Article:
I was relaxing, in the middle of watching a movie when suddenly, the screen froze and turned blue (the blue screen of death)! I tried turning the cable box off and on and realized that the power button (on the newly installed box) wasn’t operational. Hmmmm, what now? I unplugged everything from the back of the box, plugged it all back in – and still nothing. The green power light is on but I definitely don’t have a signal. I’m thinking the box is defective. What to do….I don’t pay a lot for the few channels I get on the telly but when I am in the middle of watching something, it’s annoying to be interrupted. Equally annoying is attempting to call Chunghwa telecom on a holiday weekend for a solution. I call the number on the top of the box. The first issue is finding someone who speaks English. Then, after explaining the issue, I wait on hold while an animated discussion in Chinese ensues between several customer service reps. They want to know my username (what?), password (yeah, no)  phone number, address, ARC number. All I want to know is, is the cable out in my area. I explain that I think it’s the box and can someone please bring me a new one. Sure, they say, NEXT TUESDAY! Great! I get to take time off of work to wait around for the cable repair guy. Arrrrgh! In the meantime, I’m going to unplug everything and see if perhaps the box just got overheated….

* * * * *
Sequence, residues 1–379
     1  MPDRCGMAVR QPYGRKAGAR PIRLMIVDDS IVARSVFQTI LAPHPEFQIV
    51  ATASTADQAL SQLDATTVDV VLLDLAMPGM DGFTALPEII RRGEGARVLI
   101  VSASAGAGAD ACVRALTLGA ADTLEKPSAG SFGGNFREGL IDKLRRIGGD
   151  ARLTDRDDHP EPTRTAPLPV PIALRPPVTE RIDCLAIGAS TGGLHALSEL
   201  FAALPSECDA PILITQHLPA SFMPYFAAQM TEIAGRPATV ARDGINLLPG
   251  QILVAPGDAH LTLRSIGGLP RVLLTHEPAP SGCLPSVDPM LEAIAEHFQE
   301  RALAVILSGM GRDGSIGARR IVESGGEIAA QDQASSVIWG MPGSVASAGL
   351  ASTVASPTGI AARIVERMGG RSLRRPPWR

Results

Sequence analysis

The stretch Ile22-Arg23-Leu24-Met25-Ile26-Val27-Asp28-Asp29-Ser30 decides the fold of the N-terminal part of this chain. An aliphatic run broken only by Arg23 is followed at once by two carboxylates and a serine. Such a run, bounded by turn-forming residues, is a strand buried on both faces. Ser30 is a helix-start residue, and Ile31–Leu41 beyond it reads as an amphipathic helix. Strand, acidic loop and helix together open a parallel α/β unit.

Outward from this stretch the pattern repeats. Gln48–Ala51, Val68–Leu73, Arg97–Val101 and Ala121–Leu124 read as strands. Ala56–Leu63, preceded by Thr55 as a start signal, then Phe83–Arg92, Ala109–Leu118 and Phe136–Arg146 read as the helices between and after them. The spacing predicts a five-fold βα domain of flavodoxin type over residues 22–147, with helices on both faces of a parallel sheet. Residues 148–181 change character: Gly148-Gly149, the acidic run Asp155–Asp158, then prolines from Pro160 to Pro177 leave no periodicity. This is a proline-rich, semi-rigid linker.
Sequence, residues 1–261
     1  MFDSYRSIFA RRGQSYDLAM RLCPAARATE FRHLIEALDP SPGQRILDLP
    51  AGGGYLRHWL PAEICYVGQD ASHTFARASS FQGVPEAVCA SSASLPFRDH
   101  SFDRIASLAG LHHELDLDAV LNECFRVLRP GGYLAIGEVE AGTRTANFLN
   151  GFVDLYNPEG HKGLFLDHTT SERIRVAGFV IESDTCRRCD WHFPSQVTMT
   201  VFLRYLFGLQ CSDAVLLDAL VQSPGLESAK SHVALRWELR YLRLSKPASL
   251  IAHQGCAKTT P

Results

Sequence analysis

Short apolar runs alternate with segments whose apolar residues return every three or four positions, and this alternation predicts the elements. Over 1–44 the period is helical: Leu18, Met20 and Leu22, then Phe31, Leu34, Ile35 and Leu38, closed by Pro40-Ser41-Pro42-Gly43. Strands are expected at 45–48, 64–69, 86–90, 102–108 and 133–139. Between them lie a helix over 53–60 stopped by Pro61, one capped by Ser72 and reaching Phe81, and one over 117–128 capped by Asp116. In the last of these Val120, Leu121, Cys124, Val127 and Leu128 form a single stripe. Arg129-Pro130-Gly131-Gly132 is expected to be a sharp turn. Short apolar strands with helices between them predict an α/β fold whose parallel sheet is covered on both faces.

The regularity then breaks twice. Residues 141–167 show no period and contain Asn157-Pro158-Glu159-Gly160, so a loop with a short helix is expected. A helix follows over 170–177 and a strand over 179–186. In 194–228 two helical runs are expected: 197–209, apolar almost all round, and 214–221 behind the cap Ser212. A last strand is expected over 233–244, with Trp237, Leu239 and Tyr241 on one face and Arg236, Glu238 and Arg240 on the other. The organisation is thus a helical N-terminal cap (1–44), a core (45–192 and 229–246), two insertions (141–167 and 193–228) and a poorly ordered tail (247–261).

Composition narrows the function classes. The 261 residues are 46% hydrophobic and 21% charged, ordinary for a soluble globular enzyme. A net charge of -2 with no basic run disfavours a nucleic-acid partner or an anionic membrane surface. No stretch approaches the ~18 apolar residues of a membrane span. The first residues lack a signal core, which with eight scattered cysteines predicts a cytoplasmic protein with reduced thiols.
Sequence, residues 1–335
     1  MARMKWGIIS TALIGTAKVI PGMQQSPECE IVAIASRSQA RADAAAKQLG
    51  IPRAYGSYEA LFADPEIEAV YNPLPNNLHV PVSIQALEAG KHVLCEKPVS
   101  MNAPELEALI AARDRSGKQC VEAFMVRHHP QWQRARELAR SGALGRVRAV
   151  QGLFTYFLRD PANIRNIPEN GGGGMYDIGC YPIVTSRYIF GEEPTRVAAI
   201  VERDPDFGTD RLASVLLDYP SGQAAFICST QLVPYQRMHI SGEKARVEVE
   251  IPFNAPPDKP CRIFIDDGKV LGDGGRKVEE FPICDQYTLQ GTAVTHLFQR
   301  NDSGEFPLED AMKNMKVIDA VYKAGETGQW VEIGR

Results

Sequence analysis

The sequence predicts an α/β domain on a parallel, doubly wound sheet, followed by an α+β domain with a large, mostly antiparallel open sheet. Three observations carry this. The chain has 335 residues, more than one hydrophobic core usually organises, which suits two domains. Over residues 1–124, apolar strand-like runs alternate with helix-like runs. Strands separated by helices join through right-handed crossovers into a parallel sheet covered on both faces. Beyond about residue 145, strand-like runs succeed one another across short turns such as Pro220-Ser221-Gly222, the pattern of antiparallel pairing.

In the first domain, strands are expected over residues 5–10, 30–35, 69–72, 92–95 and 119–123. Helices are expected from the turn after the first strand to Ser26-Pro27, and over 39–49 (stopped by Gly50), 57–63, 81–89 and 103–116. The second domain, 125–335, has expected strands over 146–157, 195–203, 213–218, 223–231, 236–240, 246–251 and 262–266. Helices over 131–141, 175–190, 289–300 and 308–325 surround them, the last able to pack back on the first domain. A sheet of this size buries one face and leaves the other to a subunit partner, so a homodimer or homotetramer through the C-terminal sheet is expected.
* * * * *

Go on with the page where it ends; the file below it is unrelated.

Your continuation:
Moon Festival 2011

This weekend is considered a holiday to celebrate the harvest moon. I’m sure it’s an ancient tradition with its roots somewhere in the long Taiwanese history but these days, what it means is:

  • we get a day off work
  • the company execs give everyone a gift box of moon cakes (moon cake sales skyrocket during this time of year)
  • we also get a small bonus.

Moon cakes are small, tart-like creations wrapped in a shaped and decorated pastry crust, filled with – well all sorts of interesting fillings. Flavors include pineapple (a big favorite on the island), red bean, lotus. Lotus is my favorite! Moon cakes are perishable so their shelf life isn’t long; they must be eaten within a short time after being baked. I took an extra box to the temple downstairs and they seemed very happy to receive it.

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As for me, I will take the road less travelled…